24 hours in Tokyo

4am Ok, I confess – I didn’t actually do this one. But it’s a Tokyo institution and if you can drag yourself out of your warm bed, it’s said to be an unforgettable experience. Each morning the Tsukiji Fish Market opens well before dawn and visitors can watch the famous tuna auction where fisherman throw giant fish across the selling floor to eager buyers. Finish the morning with a breakfast of super fresh sushi (and possibly a quick nap).

9am This is the time when I actually emerged from my hotel into a sparkling spring morning. I was staying in Asakusa, one of the more traditional areas of Tokyo that consists mainly of low rise buildings and the famous Sensoji Temple. I spotted an impeccably dressed woman leading two impeccably groomed giant poodles in matching outfits – this was going to be my kind of city. Tokyo is renowned for its exceptional public transport system – the trains are clean, bright and mind-bogglingly punctual (9.01am means 9.01am, and not a second later). But it’s also a great city for walking. I caught the subway over to Shibuya Crossing, arguably the world’s most famous intersection. I crossed over it twice, swept along by a sea of people, grateful that I am considerably taller than the average Japanese person and so wasn’t lost in a maze of coats. I began walking back across the city, marvelling at the neon signs, creative window displays and myriad restaurants (I was especially intrigued by the Panda Restaurant and quite disappointed that it wasn’t open yet). Tokyo is, without a doubt, the most foreign city I have ever been to. Much of Asia has developed a veneer of western culture but here, even with the inevitable Starbucks outlets, feels like another world.

11am The Japanese love to shop (they are generally regarded as the world’s largest consumers of luxury goods) and Tokyo seems to be equal parts stores and office blocks. There are more branches of Zara, H&M and local label UniQlo than you can count as well as a healthy sprinkling of designer labels – for example, there are more than a dozen Louis Vuitton outlets across the city. I happily wandered in and out of stores as I came across them, though I imagine it would be easier to shop in Japan if you are of a petite inclination. If you really want to hit the designer stores head to Ginza. It’s said to have the most expensive commercial real estate in the world and is home to enormous flagship stores from the likes of Chanel and Gucci (which occupies an entire eight-storey building).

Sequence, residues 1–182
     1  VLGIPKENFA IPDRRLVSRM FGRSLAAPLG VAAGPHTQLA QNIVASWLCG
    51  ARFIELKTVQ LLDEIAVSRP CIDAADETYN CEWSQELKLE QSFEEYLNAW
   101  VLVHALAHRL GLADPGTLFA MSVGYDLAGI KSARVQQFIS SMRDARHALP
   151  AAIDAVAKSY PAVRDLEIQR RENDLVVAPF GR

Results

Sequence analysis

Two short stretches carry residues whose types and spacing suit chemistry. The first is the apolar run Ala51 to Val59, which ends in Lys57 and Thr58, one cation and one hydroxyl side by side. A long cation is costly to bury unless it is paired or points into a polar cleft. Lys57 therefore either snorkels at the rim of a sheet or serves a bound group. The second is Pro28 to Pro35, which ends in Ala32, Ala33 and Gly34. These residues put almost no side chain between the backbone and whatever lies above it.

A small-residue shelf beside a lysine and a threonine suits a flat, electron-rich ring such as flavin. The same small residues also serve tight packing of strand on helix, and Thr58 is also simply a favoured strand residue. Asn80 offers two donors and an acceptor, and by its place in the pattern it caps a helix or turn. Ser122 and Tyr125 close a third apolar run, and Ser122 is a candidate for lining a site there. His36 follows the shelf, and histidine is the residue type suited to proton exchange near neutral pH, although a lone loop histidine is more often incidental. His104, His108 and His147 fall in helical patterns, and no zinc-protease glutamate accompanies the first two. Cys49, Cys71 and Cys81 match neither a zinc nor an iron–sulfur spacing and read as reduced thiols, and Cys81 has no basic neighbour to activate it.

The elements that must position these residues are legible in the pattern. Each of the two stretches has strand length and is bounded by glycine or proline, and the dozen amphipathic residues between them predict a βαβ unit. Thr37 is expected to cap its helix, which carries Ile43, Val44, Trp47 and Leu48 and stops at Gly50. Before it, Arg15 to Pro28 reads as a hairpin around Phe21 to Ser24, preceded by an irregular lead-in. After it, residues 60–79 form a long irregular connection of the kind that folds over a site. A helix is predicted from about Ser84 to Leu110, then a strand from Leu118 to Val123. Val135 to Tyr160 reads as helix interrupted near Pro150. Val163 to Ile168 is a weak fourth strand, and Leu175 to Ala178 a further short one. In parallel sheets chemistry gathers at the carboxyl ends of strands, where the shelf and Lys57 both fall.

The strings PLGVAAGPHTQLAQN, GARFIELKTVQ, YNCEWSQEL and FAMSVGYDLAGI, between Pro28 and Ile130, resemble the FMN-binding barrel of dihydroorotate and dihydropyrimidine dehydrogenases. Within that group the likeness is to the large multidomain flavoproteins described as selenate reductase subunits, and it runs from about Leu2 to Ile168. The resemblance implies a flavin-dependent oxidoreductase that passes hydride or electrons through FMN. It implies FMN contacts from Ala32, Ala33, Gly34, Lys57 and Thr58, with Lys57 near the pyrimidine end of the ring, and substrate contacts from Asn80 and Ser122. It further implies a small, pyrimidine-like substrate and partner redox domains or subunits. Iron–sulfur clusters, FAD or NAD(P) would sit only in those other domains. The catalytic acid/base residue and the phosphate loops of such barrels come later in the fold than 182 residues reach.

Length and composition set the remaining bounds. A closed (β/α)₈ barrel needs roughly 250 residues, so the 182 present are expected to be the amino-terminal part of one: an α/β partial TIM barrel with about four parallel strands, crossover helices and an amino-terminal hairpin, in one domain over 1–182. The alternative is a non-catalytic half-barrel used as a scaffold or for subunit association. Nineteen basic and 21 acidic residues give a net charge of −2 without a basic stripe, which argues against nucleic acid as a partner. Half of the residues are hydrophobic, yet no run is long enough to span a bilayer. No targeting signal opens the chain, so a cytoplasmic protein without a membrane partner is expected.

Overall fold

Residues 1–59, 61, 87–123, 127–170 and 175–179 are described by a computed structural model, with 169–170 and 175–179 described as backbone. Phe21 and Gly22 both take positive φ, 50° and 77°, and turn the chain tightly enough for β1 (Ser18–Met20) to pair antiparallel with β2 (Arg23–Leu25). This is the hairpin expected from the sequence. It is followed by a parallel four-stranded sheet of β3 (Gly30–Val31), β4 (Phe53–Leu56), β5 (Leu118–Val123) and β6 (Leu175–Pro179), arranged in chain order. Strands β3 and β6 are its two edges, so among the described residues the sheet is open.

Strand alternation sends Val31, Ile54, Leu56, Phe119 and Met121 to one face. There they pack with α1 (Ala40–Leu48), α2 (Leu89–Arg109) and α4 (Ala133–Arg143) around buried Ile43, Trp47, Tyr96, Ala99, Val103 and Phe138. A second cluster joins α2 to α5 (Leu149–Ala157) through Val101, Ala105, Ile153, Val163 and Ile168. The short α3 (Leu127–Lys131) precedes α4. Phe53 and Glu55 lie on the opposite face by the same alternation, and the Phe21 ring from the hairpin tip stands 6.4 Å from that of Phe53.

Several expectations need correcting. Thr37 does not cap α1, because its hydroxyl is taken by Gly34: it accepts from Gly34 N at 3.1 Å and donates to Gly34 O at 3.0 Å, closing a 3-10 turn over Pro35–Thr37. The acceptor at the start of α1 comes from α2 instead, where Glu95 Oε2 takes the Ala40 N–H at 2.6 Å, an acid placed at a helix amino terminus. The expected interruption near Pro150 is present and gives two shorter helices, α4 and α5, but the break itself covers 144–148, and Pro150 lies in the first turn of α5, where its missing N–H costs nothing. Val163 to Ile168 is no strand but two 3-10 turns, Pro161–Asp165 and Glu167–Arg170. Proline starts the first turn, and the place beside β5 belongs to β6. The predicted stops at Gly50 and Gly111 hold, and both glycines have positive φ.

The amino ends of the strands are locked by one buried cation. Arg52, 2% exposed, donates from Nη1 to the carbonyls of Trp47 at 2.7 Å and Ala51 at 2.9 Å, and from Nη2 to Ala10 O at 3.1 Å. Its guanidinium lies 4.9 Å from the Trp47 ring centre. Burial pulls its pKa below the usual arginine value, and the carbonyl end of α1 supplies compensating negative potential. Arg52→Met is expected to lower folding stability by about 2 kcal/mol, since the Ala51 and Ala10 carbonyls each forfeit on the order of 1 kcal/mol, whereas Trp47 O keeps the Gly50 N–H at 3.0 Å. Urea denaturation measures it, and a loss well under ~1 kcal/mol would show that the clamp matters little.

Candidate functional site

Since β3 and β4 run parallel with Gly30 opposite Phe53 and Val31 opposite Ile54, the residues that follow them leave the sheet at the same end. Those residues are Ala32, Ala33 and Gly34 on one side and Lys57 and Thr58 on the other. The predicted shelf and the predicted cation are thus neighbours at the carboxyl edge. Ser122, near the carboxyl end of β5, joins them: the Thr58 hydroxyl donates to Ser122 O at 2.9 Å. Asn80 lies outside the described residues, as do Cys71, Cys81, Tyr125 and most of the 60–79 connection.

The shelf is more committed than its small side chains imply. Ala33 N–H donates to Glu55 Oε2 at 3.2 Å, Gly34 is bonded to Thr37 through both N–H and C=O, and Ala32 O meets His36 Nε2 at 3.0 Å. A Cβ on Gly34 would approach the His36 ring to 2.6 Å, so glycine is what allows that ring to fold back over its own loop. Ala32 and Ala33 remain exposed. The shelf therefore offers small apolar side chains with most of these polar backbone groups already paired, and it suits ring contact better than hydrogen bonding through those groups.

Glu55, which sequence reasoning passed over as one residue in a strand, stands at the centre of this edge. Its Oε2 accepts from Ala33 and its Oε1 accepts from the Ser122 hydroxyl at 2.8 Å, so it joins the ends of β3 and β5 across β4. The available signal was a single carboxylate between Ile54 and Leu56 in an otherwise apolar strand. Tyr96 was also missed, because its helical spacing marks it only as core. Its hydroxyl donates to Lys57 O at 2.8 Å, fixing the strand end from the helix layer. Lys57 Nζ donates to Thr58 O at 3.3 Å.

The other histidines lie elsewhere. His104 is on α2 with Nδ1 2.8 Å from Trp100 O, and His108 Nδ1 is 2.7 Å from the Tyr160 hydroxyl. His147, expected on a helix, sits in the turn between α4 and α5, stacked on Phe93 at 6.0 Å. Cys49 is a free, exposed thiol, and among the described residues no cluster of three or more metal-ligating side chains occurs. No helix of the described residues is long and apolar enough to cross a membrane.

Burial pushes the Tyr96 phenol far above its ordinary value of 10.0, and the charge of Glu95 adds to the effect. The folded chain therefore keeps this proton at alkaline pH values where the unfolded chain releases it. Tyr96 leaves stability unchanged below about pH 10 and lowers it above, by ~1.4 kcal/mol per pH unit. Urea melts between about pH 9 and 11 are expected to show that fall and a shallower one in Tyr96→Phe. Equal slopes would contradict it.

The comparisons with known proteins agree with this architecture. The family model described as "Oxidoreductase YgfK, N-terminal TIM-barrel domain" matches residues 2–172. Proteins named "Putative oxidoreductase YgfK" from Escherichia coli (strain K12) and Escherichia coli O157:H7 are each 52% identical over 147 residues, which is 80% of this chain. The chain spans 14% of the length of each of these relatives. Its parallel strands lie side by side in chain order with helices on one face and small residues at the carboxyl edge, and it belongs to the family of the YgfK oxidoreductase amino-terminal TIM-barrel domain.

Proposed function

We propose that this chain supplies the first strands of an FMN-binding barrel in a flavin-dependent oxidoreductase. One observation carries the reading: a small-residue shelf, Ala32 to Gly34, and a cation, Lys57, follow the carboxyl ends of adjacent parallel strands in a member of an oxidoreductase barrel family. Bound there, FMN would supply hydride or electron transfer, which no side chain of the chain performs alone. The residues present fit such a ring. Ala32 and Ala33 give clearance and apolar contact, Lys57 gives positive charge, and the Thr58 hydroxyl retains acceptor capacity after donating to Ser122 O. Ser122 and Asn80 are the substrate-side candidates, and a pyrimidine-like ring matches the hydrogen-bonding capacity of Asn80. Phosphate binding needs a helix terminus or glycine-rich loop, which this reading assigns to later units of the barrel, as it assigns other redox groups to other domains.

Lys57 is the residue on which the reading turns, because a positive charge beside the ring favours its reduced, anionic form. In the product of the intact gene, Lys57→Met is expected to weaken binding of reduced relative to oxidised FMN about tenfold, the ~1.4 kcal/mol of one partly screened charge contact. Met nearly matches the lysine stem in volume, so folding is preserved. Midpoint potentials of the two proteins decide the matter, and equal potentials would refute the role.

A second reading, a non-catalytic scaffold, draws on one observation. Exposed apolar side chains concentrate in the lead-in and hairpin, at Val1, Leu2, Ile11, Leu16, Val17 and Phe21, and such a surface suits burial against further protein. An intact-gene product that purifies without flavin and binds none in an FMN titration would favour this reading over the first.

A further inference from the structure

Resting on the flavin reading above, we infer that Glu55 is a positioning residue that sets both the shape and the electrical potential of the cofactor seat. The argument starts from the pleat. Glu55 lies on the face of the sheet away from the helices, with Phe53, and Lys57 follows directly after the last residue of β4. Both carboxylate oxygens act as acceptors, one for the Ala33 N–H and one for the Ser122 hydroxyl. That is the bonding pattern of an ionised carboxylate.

1pm I had ended up in Harajuku, famous the world over for the quirky Harajuku Girls who wear brightly coloured, over the top outfits with crazy styling. I was a little disappointed not to see any, though large groups of impeccably dressed Japanese teens were artfully draped across benches and garden railings. I had lunch at a sushi train restaurant I chose at random and gorged on far too many plates of delicious, fresh sushi. I finally dragged myself away from the intoxicating rotations to pop into the official Hello Kitty store down the block. Four floors of pink perfection and an endless cast of Kitty co-characters – I have never had so much fun in a store.

3pm I made my way back across the city towards Asakusa and Tokyo’s newest monument, the Tokyo SkyTree. I am constantly intrigued by the touristic impulse to climb tall structures in foreign cities and politely look through large glass windows at the toy box city below. But I had been looking at the SkyTree from my hotel window just that morning, so climbing it seemed the thing to do. And the view is indeed very impressive, particularly the red-roofed shrines dotted humbly among the huge skyscrapers.

5pm As the sun dipped low, I finished the day with a cocktail at the bar of the Conrad Tokyo, another easy subway ride away close to the harbour. The bar is huge yet feels snug and intimate, with wraparound windows looking out over the sparkling lights of the Minato district.

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